Hello everyone. Welcome to my "Internets" about ham radio.
I've been hanging around the airwaves since I was a wee-lil'-girl. I remember toying with radios as a tot, helping my daddy by sifting through his immense collection of resistors looking for the correct color combination for whatever job he was doing. I was always really good finding that rare color combination that existed somewhere in the bucket.
I remember my daddy talking about Ham radio long before any of us got our tickets. I used to listen to the DX'ers on shortwave late at night in the backyard on a little portable shortwave radio with an extendable antenna that we connected another antenna to (and don't ask me what it was, 'cause I was too little to remember). I recall how interested I was to listen to foreign broadcasters, and even the ocassional CW conversation that we would pick up.
So, needless to say, I grew up with radio. In 1994, my father and I went to take our tests for our Technician license. Back then, you had to take the Novice and Technician test, which I did, but failed the Novice the first time. I went back a month later and passed the Novice and then waited and waited and waited for my license to come in. You couldn't get online back then and get your callsign. You had to wait for it to come in the mail. It seemed like forever....
Then on Christmas morning of 1994, I woke up to the best Christmas present EVER!! On the limbs of the Christmas tree was a #10 envelope addressed to me from none other than the FCC. Inside was my license, and my callsign: KE4TKH. Under the tree, and the last present to be opened (of course), was my first Ham radio... A Kenwood TH-22AT HT. A monster was born from there......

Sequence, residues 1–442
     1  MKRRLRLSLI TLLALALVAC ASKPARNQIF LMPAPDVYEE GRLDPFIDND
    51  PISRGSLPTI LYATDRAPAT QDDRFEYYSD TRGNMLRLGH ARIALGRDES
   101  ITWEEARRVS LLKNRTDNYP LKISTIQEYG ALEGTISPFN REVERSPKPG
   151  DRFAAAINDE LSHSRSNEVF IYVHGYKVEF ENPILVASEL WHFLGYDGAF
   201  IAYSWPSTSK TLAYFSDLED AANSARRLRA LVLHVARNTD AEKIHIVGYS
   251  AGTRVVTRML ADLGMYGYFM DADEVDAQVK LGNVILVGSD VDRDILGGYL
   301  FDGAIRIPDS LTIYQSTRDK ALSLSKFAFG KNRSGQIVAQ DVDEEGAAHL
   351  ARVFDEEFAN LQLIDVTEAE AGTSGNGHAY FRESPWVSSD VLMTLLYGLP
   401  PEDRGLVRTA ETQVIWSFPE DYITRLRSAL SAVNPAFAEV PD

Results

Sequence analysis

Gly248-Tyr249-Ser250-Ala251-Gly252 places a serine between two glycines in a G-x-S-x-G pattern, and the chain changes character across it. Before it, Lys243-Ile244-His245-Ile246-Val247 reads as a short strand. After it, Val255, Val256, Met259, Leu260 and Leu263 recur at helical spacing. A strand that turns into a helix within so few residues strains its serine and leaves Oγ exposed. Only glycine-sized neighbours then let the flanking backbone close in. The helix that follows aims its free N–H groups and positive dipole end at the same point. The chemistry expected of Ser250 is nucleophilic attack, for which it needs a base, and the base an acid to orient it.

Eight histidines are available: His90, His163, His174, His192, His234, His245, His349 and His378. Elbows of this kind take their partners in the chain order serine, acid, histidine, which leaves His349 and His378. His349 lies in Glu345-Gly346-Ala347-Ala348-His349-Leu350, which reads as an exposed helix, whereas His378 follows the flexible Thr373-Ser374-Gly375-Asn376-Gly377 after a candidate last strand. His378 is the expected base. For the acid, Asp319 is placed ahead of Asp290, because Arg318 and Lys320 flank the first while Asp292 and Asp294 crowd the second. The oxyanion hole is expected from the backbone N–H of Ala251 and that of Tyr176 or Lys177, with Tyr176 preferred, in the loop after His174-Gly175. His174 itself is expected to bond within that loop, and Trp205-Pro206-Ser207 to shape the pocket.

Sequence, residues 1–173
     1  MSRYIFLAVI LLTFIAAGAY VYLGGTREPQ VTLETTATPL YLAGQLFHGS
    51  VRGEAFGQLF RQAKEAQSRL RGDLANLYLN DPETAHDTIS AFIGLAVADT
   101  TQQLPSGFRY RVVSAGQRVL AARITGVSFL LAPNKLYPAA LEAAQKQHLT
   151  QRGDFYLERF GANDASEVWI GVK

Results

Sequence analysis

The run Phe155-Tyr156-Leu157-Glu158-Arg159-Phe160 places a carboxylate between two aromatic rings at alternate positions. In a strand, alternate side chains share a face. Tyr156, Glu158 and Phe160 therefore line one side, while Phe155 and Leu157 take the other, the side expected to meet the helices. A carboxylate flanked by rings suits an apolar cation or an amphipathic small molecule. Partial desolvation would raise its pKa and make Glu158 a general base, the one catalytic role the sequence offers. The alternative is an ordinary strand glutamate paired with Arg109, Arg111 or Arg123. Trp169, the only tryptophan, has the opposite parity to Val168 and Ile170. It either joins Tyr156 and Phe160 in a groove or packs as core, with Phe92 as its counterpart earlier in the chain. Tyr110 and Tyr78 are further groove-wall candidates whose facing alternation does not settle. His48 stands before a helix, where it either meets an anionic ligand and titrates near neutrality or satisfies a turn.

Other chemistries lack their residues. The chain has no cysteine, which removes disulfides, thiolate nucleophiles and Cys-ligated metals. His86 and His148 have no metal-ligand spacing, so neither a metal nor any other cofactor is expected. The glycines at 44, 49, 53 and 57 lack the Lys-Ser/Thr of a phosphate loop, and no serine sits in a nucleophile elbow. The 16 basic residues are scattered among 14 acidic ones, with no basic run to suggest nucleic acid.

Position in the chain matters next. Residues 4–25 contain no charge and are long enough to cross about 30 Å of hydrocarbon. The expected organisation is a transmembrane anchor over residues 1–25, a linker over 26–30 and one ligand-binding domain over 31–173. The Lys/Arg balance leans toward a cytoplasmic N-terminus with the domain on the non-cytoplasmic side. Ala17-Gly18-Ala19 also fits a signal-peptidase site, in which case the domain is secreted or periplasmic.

Except for one thing -- I was a teenager, living in the 90's, going to high school, and interested in boys... That cut into my Ham Radio time, and before you knew it, I had seemingly forgotten my Radio Roots.
It took about 10 years or so before I would return... but here I am, and now I'm married to a Ham (AJ4JD), I have a Ham for a daughter (HAHA, KJ4EGJ), and my Mom (KF4SSI) and Dad (KU4ME) are still active Ham operators.
Recently, I've upgraded to Extra class, now that they removed the Morse code requirement. Not that I'm not interested in CW, because I am, it's just being a full-time mom, full-time student, full-time wife, and full-time daughter kind of cuts into the time needed to study CW. So thankfully, I was able to upgrade, and I also changed my "mouthful" callsign to a more memorable AJ4IJ.
So... That's that. You can find me monitoring the 145.470 and 147.360 repeaters here in East Tennessee, as well as on 20 meters HF.